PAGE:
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Oracle's Larry Ellison: Best Paid CEO of Decade

The best-paid executive in the past decade: Oracle CEO Larry Ellison. AP Photo

Larry Ellison, founder and chief executive of software maker Oracle Corp., was the highest-paid CEO of a public company in the past decade, making $1.84 billion in that span, according to a ranking from The Wall Street Journal.

The bulk of that enormous loot - as well as most other top CEO's source of compensation - comes from realized gains on options, which alone netted him $1.78 billion. Forbes Magazine estimates his net worth at $28 billion, making him the third richest American and sixth richest human being in the world.

Barry Diller, the chairman of IAC/InterActive Corp. and the man responsible for and The Daily Beast, was number two on the list, receiving roughly $1.14 billion. Ray Irani of Occidental Petroleum Corp. came in third at $857 million.

And fourth on the list is Steve Jobs.

The Apple honcho's pay came in at $749 million, but he differed from most other chief executives in that restricted stock - $646 million of it - represented much of its source.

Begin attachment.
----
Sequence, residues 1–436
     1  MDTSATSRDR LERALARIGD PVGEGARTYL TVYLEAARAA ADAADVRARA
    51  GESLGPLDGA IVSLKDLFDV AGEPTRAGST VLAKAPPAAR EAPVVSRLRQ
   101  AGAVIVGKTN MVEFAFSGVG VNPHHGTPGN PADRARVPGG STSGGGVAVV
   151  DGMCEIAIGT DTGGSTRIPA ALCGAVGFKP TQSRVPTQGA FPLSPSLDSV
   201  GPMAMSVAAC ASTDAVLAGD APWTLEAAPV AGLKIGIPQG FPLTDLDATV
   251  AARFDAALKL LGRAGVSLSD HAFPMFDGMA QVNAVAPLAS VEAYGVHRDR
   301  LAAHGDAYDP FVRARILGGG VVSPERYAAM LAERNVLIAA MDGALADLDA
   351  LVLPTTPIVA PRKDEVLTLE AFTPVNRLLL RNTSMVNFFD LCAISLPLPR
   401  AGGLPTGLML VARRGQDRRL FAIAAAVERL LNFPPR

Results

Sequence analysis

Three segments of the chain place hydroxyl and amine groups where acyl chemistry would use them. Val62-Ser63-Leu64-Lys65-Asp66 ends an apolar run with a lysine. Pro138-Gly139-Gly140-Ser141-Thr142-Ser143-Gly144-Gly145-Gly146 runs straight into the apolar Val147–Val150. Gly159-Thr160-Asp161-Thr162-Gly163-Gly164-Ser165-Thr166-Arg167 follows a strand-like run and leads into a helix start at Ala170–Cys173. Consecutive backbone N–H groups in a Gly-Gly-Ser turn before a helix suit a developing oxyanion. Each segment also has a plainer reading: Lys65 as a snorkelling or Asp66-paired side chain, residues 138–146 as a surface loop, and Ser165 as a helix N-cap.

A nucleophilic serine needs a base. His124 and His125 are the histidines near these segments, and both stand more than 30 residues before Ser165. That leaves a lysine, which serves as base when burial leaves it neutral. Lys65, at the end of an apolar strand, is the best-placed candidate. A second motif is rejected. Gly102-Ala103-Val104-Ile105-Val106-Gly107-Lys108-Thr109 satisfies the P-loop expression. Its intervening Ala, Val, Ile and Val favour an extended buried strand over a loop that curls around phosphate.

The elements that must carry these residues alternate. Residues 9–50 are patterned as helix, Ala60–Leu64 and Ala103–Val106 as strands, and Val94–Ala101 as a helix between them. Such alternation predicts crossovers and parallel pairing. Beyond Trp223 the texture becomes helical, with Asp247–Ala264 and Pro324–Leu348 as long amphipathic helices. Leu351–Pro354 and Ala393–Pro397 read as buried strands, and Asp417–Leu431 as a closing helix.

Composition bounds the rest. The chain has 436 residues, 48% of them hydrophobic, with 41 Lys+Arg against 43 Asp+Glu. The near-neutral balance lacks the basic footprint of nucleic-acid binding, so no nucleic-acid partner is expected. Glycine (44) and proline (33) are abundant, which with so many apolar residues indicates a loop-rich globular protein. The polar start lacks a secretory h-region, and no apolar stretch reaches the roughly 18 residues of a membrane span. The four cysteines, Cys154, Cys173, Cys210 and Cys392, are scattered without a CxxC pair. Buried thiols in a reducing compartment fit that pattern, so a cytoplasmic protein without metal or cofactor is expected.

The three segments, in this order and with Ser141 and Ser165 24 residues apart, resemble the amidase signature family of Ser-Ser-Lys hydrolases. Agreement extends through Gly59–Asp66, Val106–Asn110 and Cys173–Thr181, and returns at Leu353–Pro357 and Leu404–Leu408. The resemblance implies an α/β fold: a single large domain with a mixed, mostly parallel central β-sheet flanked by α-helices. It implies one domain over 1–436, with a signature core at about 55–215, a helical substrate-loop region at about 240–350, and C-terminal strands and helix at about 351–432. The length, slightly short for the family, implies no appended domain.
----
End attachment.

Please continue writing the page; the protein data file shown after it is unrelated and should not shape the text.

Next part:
Where, you ask, is Bill Gates? Or Warren Buffett? Well, Gates stepped down as CEO of Microsoft in January 2000 and retired as a Microsoft employee in 2008. Buffett makes his money from investments and gets only peanuts from Berkshire Hathaway.

It may well irk a few (and there are a great many) Main Street victims of the Wall Street financial collapse to see former Lehman Brothers CEO Richard Fuld and ex-Citigroup Inc., CEO Sandy Weill at 11th and 19th, respectively, and to find former Countrywide Financial Corp., CEO Angelo Mozilo on the list. Mozilo and Fuld cashed in big before arguably driving their companies into the ground.

Could there be small comfort in President Barack Obama signing the financial reform bill last week, which gives shareholders a periodic, nonbinding vote on their firm's executive-pay package?

Well, consider this: four of the 10 highest-paid CEOs ran companies that lost money over the decade.

For more on the issue of CEO compensation, visit The Wall Street Journal's Executive Pay page.

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